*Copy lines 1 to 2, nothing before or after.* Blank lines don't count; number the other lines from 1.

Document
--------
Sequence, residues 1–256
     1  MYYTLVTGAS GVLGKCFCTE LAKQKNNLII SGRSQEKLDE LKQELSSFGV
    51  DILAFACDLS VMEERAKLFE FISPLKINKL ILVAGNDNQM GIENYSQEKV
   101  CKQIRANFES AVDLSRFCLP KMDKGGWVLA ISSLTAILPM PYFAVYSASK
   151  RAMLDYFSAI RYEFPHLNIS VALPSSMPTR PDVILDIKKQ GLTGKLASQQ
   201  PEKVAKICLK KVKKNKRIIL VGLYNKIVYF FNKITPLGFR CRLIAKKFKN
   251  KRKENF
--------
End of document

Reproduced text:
Sequence, residues 1–256
     1  MYYTLVTGAS GVLGKCFCTE LAKQKNNLII SGRSQEKLDE LKQELSSFGV